State and Federal DOT Officers are responsible for commercial vehicle enforcement. "The truck police" you could call them.

EPU:

Electric Auxiliary Power Units

Electric APUs have started gaining acceptance. These electric APUs use battery packs instead of the diesel engine on traditional APUs as a source of power. The APU's battery pack is charged when the truck is in motion. When the truck is idle, the stored energy in the battery pack is then used to power an air conditioner, heater, and other devices

PJ's Comment
member avatar

It looks like he got into trouble under his own and leased under fedex. Probably not best scenario but kept trucks in the road

Anne A. (and sometimes To's Comment
member avatar

double-quotes-start.png

In my experience, FedEx ground contractors are scumbags and the FedEx ground dispatchers aren't much better.

FedEx ground contractors run that way for a reason. It's all about the money. They get paid twice in different ways

1) the per mile rate. This covers expenses like payroll and equipment. This is how you get your money

2) the bonuses. This is where the contractor makes their money. Bonuses are paid out based on a percentage of success. They have to be successful 9x% of the time. That's why they can't stop.

There are contractors that will deduct a lost bonus from the drivers pay. It happened to me when I was delivering packages for ground.

During COVID, FedEx ground contracted FedEx freight to help them with their linehaul runs because they couldn't keep up with the online orders. I was able to dish it back to their dispatchers and it felt so good.

My first day running linehaul for ground, they made me wait 4 hours for a load. When they finally had something for me, it was too long for me to get done on my available drive time. They insisted it was all they had and I calmly told the dispatcher "I've been here for 4 hours. I'm going to sit in my truck for another 30 minutes and if you don't have anything for me by then I'm going home and you're only getting those extra 30 minutes because I'm getting paid to sit here". Her response was "you can't do that". I told her "guess we'll find out in 30 minutes". After those 30 minutes I went back inside to see if they had anything closer, they did not so I called Central dispatch told them to put down 4.5 hours of delay pay and set up my trip back home and they did.

The next day that same dispatcher had a trip ready for me when I got there and I didn't even have to wait in line.

The moral of the story is don't work for ground contractors. They suck and so do their dispatchers.

double-quotes-end.png

See he doesn't even do retention pay, and when the hot season starts in November, all the guys with dedicated runs end up losing their runs to seasonal people and then they run bull****, my friend who worked for Steve told me about it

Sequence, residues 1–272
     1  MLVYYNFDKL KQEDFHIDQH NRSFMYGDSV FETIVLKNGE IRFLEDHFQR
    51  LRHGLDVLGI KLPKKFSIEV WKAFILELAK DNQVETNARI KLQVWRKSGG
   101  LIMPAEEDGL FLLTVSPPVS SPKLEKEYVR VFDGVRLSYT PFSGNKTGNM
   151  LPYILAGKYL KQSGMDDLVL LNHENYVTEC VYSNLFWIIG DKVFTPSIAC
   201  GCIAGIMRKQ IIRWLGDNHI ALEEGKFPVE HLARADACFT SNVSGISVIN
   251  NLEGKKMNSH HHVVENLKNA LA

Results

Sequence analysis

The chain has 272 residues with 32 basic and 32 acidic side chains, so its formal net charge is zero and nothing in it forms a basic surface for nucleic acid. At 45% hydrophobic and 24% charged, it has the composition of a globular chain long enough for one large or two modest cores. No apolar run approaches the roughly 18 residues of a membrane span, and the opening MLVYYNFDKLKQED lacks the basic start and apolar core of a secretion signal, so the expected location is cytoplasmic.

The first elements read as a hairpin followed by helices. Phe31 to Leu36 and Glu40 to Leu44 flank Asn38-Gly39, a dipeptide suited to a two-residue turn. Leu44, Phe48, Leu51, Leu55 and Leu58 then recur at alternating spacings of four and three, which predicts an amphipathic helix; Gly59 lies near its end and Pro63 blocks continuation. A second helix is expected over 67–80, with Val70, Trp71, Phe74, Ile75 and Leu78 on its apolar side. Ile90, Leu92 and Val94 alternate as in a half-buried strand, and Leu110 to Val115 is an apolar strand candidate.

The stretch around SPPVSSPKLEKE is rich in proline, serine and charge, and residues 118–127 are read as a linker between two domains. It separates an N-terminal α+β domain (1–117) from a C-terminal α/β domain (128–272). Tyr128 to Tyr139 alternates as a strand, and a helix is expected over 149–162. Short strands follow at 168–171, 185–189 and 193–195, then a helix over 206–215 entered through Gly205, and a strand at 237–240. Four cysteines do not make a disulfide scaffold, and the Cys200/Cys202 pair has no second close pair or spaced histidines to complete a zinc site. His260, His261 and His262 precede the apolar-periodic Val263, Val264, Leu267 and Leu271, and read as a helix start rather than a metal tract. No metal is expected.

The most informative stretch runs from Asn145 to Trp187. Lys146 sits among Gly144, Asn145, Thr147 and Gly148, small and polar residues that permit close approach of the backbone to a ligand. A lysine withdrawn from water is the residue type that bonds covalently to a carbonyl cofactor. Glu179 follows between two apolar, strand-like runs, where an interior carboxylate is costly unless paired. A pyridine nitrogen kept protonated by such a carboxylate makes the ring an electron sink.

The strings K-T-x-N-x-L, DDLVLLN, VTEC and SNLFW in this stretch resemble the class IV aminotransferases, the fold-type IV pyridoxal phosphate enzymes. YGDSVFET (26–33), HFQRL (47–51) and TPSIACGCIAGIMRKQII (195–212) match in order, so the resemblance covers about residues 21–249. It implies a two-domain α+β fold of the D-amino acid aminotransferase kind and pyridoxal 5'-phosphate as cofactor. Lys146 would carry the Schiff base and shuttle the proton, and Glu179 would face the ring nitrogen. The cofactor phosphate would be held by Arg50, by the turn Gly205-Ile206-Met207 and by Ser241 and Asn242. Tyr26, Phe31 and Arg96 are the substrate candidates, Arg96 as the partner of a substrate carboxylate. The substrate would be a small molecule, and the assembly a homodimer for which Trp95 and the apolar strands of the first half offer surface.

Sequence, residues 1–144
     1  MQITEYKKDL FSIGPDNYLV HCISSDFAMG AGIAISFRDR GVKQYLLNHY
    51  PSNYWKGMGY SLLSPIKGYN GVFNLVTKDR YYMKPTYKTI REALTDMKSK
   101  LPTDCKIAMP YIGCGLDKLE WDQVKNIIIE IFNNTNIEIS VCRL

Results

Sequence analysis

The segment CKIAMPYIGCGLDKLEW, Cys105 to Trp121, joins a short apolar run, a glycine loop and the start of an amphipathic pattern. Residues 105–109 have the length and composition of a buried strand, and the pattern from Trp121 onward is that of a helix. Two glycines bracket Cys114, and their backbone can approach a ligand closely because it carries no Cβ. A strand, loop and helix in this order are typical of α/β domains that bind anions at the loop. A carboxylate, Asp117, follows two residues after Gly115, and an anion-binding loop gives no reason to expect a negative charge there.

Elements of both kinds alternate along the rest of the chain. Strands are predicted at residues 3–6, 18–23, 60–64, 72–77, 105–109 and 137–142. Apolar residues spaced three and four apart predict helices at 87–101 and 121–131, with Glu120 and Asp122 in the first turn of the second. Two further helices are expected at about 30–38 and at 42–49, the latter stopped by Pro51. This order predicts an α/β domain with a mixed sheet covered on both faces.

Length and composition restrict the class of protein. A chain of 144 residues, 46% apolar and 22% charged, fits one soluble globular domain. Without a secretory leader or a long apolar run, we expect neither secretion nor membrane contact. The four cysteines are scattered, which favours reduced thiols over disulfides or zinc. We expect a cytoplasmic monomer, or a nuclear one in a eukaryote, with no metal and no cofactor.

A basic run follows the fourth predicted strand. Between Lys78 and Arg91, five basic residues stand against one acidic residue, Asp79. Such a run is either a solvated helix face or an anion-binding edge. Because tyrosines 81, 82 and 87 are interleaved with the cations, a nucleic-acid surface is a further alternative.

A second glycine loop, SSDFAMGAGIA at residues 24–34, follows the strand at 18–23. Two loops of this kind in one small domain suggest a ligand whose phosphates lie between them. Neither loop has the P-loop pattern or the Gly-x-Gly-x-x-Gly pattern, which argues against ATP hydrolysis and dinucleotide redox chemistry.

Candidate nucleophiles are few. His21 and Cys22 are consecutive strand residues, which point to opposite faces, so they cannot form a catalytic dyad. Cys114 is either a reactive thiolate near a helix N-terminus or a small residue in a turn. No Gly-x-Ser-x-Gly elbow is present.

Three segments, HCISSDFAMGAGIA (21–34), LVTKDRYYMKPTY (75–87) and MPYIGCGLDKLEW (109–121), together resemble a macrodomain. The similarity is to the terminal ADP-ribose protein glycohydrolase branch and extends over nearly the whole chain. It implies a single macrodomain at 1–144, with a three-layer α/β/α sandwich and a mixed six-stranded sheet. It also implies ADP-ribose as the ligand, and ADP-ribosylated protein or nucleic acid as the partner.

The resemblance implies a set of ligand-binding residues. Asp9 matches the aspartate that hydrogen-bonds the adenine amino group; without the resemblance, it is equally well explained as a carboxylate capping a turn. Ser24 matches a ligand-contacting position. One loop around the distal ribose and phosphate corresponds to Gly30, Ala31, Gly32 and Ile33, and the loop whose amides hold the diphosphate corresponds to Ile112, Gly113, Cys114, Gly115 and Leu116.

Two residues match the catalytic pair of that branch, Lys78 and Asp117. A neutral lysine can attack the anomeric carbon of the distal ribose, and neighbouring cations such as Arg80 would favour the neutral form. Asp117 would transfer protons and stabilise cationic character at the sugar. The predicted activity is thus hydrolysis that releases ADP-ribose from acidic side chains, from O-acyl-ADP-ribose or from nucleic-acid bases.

Z.M.

Hope things have worked out and/or looked up for you. We still collectively wonder. Stop back and let us know, please!

We do this, at Trucking Truth; learning from others' mistakes, endeavors, and conundrums...so we can have the annals for education purposes for the new folks that pass through here, as did you.

Hope all is great either way!!

~ Anne ~

Dedicated Run:

A driver or carrier who transports cargo between regular, prescribed routes. Normally it means a driver will be dedicated to working for one particular customer like Walmart or Home Depot and they will only haul freight for that customer. You'll often hear drivers say something like, "I'm on the Walmart dedicated account."

Linehaul:

Linehaul drivers will normally run loads from terminal to terminal for LTL (Less than Truckload) companies.

LTL (Less Than Truckload) carriers will have Linehaul drivers and P&D drivers. The P&D drivers will deliver loads locally from the terminal and pick up loads returning them to the terminal. Linehaul drivers will then run truckloads from terminal to terminal.

Dispatcher:

Dispatcher, Fleet Manager, Driver Manager

The primary person a driver communicates with at his/her company. A dispatcher can play many roles, depending on the company's structure. Dispatchers may assign freight, file requests for home time, relay messages between the driver and management, inform customer service of any delays, change appointment times, and report information to the load planners.

TWIC:

Transportation Worker Identification Credential

Truck drivers who regularly pick up from or deliver to the shipping ports will often be required to carry a TWIC card.

Your TWIC is a tamper-resistant biometric card which acts as both your identification in secure areas, as well as an indicator of you having passed the necessary security clearance. TWIC cards are valid for five years. The issuance of TWIC cards is overseen by the Transportation Security Administration and the Department of Homeland Security.

HOS:

Hours Of Service

HOS refers to the logbook hours of service regulations.